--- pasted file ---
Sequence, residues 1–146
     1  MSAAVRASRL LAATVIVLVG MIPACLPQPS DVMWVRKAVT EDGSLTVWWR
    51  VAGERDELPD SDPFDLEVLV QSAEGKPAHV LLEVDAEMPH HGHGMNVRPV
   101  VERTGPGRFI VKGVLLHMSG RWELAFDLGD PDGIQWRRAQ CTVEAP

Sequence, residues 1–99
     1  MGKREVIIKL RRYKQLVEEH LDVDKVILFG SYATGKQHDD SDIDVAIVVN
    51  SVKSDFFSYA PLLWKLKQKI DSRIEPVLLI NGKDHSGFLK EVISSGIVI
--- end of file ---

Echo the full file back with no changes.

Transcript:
Sequence, residues 1–146
     1  MSAAVRASRL LAATVIVLVG MIPACLPQPS DVMWVRKAVT EDGSLTVWWR
    51  VAGERDELPD SDPFDLEVLV QSAEGKPAHV LLEVDAEMPH HGHGMNVRPV
   101  VERTGPGRFI VKGVLLHMSG RWELAFDLGD PDGIQWRRAQ CTVEAP

Sequence, residues 1–99
     1  MGKREVIIKL RRYKQLVEEH LDVDKVILFG SYATGKQHDD SDIDVAIVVN
    51  SVKSDFFSYA PLLWKLKQKI DSRIEPVLLI NGKDHSGFLK EVISSGIVI